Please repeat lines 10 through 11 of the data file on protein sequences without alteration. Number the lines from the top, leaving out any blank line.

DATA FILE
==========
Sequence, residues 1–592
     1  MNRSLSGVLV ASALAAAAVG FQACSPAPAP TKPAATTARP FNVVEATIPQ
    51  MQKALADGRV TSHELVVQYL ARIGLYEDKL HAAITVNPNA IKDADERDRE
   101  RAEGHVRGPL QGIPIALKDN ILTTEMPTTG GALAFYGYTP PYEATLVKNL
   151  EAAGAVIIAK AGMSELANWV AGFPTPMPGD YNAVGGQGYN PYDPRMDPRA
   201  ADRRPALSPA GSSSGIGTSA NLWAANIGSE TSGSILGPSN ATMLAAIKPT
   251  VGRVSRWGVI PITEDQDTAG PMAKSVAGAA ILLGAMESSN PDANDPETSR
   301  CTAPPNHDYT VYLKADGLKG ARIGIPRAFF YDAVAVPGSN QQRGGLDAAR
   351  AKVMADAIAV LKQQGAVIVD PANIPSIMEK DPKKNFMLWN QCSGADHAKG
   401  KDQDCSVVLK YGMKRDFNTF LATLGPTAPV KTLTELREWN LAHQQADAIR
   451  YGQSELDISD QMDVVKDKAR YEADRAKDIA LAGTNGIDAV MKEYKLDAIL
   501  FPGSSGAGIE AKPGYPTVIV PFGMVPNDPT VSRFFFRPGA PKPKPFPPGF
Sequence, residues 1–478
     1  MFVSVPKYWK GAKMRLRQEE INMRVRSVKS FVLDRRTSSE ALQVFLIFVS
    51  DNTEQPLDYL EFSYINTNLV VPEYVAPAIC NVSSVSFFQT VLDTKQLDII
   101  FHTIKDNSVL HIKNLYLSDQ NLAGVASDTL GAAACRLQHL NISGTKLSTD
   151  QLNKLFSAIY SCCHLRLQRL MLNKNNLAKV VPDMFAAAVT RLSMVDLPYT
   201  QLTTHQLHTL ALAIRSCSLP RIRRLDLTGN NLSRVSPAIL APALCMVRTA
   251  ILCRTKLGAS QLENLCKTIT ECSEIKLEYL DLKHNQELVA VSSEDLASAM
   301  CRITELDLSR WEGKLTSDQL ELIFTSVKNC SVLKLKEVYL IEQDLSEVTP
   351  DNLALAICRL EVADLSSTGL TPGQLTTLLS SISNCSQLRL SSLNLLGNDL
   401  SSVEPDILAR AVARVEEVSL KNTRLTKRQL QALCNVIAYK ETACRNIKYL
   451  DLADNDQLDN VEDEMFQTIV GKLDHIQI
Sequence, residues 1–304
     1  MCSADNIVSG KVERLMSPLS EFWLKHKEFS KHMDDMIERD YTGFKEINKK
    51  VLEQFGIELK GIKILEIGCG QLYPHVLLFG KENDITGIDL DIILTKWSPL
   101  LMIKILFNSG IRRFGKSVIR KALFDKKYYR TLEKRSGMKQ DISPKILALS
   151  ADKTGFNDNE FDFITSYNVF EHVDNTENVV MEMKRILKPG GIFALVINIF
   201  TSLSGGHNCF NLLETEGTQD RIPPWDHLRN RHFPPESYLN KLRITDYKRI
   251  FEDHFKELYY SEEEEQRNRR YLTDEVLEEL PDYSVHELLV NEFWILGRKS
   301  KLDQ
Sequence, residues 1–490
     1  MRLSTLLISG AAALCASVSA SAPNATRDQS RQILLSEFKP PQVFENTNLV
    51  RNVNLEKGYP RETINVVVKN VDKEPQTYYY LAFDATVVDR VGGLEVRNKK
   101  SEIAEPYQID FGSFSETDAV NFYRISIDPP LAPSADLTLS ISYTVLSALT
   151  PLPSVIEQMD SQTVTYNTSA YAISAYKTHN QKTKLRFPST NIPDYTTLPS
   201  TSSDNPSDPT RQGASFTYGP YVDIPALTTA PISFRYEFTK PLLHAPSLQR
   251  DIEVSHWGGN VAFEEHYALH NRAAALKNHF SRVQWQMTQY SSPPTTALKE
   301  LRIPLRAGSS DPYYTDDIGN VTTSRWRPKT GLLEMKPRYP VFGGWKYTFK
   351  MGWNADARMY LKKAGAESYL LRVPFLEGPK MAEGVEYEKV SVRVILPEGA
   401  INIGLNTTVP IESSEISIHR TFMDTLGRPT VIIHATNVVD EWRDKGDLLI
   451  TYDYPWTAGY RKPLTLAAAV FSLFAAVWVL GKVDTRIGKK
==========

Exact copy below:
   401  KDQDCSVVLK YGMKRDFNTF LATLGPTAPV KTLTELREWN LAHQQADAIR
   451  YGQSELDISD QMDVVKDKAR YEADRAKDIA LAGTNGIDAV MKEYKLDAIL